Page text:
The day before he died, my dad said to my mum “Rose, get me my phone so I can call the office”. Stan was a stubborn old bastard!
In the year after he died, my brother, sister, and I spent a weekend together, sharing stories about Stan and reminiscing on our relationships with our father. We discussed the good and bad times. We remembered individual instances of when we got smacked by his belt for some perceived misbehavior.
We siblings all mentioned his stubbornness, and how each of us inherited that trait. However, on further discussion, we discovered that his stubbornness was strength of commitment and dedication. Stan made a difference in his work, to people around him, and most definitely, to his children.
We talked about his influence on family, friends, customers, and strangers. Stan’s business was agricultural and irrigation engineering. He always went above and beyond the job at hand. When we were young, customers would deliver baskets of fruit to our house because dad had done something extra for them and they were showing their appreciation. Stan was a pioneer in the dried grapes industry — you’ll know that as making raisins. He helped invent and improve the rack dehydrator — essentially, an 8ft hair dryer that would blow heat along a 50ft rack of grapes to dry them in days, instead of weeks.
In 1944, when Stan was 11, his mother was put into a wheelchair. When he was 16, she died. Being the youngest of two sons, he became the “housewife”. When he married my mother, he took on the role of “man of the house”. Matching his generation, Stan worked hard to provide for his family. He started several successful businesses, built two houses, and left a legacy of integrity, kindness, and leadership.
We would spend Sunday afternoons driving in the bush, chasing gypsum, rabbits, and mushrooms. And some weekends we — all 6 of us — would be treated to an ice cream. Other weekends, we would drive out to the sandhills — “doons” in American English. Our favorite play was when we found a hood from an old car. We’d flip it over so we could hang on to the front. We’d pile on burlap sacks to sit on. Dad would tie the hood to a long rope behind our family car, and then drive around the salt flats. We were riding a chariot! We were gladiators — until the bottom of the hood got too hot for us to bear.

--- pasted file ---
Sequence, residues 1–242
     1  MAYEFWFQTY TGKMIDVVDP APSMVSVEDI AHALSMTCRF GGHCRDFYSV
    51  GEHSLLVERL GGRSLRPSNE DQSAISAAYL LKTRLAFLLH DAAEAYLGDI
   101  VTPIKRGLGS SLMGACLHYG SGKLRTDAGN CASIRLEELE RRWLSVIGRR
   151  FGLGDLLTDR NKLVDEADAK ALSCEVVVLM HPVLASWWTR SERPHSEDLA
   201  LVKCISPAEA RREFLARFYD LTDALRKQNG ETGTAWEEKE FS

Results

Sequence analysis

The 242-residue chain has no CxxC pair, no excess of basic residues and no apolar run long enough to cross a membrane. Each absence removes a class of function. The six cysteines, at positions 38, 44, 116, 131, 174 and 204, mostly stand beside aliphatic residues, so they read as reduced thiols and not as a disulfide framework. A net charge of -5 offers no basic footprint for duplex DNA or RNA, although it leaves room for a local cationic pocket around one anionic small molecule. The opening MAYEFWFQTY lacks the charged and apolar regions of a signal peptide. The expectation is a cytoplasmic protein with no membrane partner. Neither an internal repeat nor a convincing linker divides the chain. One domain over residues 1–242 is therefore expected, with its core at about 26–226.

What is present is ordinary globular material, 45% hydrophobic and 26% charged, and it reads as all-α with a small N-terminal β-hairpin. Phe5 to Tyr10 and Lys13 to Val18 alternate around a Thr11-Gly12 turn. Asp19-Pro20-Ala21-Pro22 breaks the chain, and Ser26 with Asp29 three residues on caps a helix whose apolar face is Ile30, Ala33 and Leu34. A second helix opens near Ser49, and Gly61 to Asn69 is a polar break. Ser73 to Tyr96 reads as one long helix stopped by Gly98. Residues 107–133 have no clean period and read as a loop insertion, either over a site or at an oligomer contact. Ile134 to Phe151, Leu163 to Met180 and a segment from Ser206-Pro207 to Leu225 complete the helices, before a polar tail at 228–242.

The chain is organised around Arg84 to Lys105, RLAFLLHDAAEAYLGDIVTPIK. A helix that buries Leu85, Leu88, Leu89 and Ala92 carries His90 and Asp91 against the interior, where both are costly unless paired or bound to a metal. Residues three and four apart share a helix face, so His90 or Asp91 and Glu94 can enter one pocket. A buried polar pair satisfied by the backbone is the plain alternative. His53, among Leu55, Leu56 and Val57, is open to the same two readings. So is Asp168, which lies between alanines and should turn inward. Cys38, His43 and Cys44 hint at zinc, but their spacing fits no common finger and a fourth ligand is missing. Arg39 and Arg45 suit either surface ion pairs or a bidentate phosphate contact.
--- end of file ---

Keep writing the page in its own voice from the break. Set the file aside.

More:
One weekend, I went on an irrigation call with my dad. We drove to the river to a water pumping station he had built. The owners had asked him to look out for a goanna that had been harassing their chickens and eating all their eggs. A goanna is a lace monitor lizard — first cousin of a komodo dragon — and can grow up to 7 or 8 feet long. I remember dad shouting at me to “get in the truck!”. About 20 minutes later, he came and got me and showed me what was in our trailer. Apparently, with a rather big stick, dad had managed to track down and kill the predator. He had placed it in our 6 foot long trailer, where the head was in the front and the tail was just hanging out over the back. My dad was a hero! When I saw Jurassic Park for the first time, I realized they had stolen my dad’s story!
My own adult relationship with my dad had a certain amount of distance, both geographically and emotionally. I was the intellectual and ran off to college at the age of 17. Both my parents told me I needed to be an accountant because I was good at mathematics. They had even sent me to a mathematics camp in Year 11.
When I did arrive at college, I discovered computers and found my first passion. When I got a job as a technology consultant, dad once asked me what I did for a living now I was no longer an accountant. I tried to explain once that I walked into companies, made them feel good, they paid me and I left. I think, to him, it sounded like I was some kind of hooker.